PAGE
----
Sept. 28 (Bloomberg) –Chile's economic growth and higher revenue from copper mines will allow the government to finance a 5 percent increase in spending next year without raising taxes, Economy Minister Pablo Longueira said.
"Tax reform isn't taboo, but I think it's important for Chileans to known that all the programs in the budget legislation are already financed," Longueira said in an interview today in Santiago.
The government is raising the copper price estimate that is used to forecast public revenue to $3.02 a pound in 2012 from this year's $2.59 a pound. Economic growth of about 6.5 percent this year will provide the government with $3 billion in additional revenue, of which $1.5 billion will go to public spending, he said in a speech before the interview.
After four months of student protests in support of improved education, the government will stick to its policy of raising expenditure in line with economic growth of 5 percent next year, Longueira said. The increase in spending will be focused on education and social programs, he said.
Tax changes are "something we have to discuss parallel to the budget," Longueira said. "We need to discuss whether tax reform would be aimed at redistribution, investment promotion or expanding on ways to strengthen economic growth."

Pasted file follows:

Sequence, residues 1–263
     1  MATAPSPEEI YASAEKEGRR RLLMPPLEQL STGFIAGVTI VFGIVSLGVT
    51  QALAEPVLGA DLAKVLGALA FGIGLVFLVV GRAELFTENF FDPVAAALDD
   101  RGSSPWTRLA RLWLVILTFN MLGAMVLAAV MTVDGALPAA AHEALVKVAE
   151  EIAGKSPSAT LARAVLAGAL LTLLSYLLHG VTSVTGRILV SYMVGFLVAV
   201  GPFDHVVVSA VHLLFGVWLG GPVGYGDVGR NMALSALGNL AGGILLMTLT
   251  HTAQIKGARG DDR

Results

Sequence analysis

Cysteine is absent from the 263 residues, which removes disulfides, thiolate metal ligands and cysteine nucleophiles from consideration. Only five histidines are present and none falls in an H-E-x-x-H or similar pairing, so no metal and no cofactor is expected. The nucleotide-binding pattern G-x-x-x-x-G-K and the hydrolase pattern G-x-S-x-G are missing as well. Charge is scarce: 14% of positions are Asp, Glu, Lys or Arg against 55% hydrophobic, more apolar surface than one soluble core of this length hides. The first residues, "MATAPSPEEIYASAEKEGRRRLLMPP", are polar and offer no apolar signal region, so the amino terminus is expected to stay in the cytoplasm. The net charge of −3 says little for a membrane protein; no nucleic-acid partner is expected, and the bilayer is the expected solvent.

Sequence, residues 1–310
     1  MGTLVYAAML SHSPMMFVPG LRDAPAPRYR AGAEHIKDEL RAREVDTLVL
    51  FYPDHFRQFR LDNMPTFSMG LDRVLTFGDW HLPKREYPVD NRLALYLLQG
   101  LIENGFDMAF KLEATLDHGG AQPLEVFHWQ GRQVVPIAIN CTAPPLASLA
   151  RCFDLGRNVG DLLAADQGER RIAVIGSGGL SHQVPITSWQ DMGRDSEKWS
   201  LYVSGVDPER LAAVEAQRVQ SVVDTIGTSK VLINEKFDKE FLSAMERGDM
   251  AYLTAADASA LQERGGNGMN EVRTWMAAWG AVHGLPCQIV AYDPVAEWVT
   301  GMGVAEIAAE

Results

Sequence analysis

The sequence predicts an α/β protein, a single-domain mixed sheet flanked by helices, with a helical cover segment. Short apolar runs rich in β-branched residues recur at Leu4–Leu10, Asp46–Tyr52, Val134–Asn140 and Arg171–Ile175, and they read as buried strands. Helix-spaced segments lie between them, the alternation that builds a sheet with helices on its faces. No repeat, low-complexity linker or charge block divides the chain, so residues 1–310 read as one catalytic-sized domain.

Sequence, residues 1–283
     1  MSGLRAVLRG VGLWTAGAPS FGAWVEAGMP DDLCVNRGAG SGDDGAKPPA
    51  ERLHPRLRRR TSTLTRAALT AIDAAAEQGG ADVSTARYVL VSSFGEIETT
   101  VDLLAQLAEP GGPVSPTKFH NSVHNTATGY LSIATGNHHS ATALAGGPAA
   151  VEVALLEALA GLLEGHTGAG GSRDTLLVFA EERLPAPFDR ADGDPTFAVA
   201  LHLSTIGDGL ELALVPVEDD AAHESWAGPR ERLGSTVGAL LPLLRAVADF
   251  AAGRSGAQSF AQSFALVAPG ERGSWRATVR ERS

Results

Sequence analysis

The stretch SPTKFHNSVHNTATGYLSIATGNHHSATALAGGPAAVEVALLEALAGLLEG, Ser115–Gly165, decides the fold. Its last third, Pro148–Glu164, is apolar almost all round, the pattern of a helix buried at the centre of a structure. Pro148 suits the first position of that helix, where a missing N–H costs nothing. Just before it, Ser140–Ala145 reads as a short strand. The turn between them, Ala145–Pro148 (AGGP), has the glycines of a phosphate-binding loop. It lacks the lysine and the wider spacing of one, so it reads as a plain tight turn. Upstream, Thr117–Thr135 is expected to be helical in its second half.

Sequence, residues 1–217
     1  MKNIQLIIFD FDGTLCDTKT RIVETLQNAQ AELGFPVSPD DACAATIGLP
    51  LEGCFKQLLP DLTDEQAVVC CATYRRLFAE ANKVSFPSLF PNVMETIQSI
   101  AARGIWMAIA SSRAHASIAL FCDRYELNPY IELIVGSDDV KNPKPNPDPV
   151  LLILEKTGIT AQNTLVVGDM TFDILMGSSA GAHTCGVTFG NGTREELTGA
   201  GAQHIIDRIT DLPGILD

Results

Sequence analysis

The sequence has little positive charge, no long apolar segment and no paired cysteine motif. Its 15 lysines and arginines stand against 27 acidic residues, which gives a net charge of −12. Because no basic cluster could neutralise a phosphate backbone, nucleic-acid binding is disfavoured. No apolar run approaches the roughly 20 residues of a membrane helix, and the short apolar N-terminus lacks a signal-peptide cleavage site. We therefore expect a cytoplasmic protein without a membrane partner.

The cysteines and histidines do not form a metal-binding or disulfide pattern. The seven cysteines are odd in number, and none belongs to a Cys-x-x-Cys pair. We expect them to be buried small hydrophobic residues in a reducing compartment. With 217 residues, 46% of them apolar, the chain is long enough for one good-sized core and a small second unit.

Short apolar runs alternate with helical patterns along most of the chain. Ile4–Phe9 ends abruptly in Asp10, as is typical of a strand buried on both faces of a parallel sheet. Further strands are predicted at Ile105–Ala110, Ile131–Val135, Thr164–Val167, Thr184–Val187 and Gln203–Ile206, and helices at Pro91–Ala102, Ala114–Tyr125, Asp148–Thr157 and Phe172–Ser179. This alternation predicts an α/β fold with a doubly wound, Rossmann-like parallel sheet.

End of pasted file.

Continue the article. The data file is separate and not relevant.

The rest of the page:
The government, which receives about one-third of its revenue from copper, doesn't need to raise taxes to meet its fiscal goals even as it increases spending on education in the $200 billion economy, he said.
President Sebastian Pinera in July promised to create a $4 billion fund for education to increase scholarships and grants. Student leaders want more and will stage marches in Santiago on Sept. 29.
Chile's government will post a fiscal surplus of 1.3 percent of gross domestic product this year and will narrow the structural deficit to 1 percent by 2014 when it leaves office from a 3 percent deficit in 2009, according to the minister. Longueira told Santiago-based newspaper El Mercurio this month that he supports raising corporate taxes from 17 percent to 20 percent to fund social programs.
"The increase in the long-term copper price makes it easier for us to reach our goals," Longueira said today. "The government will act very responsibly, especially given what's happening in the global economy, which means we will sustain macroeconomic balance and fiscal responsibility. Chileans must learn to value how responsibly the country's economy is being managed."
The government will submit its budget proposal to Congress on Sept. 29, Longueira told reporters today.
The peso strengthened for a second day, gaining 1.3 percent to 505.54 per dollar at 12:26 p.m. New York time from 512.25 yesterday.